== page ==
A few years later, my office in Hollywood was in the same building as Mancini’s, so we would meet for a sandwich where I enjoyed pulling stories out of my reluctant friend. My memories of Henry Mancini live on through the dozens of motion picture soundtracks. “Hank” was a classy, down to earth gentleman who left us much too soon.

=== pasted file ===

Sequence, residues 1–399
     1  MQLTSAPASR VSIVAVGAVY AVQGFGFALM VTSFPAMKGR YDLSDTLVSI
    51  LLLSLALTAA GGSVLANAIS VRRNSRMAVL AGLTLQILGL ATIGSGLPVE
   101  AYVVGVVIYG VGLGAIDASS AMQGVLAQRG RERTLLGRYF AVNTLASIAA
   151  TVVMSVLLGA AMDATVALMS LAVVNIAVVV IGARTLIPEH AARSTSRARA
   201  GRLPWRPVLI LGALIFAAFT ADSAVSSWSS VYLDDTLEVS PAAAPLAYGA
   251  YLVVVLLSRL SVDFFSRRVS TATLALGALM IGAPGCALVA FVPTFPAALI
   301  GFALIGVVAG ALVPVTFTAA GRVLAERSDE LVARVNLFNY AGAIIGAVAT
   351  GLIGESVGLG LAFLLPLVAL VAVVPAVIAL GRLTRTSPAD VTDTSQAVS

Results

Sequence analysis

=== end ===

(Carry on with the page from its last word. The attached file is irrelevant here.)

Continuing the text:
My friend Bob Skaff was first to tell me about the Beatles, months before they would capture the world. At about the same time, Bob suggested I take time to visit a new hot spot on the Sunset Strip during one of my west coast trips. The Whisky A Go-Go was packed and it was easy to sense the excitement. A blonde Go-Go dancer named Goldie Hawn was featured in a cage hanging from the ceiling and Skaff was interested in my impression of the club’s main attraction…an unknown with no real track record as a recording artist. I didn’t remember his name but I sure was certain the guy had the stuff to become a hit recording artist. Skaff mentioned he was interested in “signing” the singer and given a positive reaction from me wanted to know if I’d program his new find on KQV. “Lou Adler has been shopping a live tape, but isn’t having much luck in getting it picked up”, said Skaff. Within a few days, Skaff sent me a tape of a previous Chuck Berry release called “Memphis”. I couldn’t wait to program it on KQV and almost immediately the career of Johnny Rivers took a climb to the top of the hit parade. Skaff was delighted when record stores in Pittsburgh ordered the record heavily and within days of their first order placed an order for 20,000 more records. “Pittsburgh is breaking this nationally” claimed Skaff, who was particularly pleased because he had gone against the advise of label president Al Bennett in signing Johnny Rivers.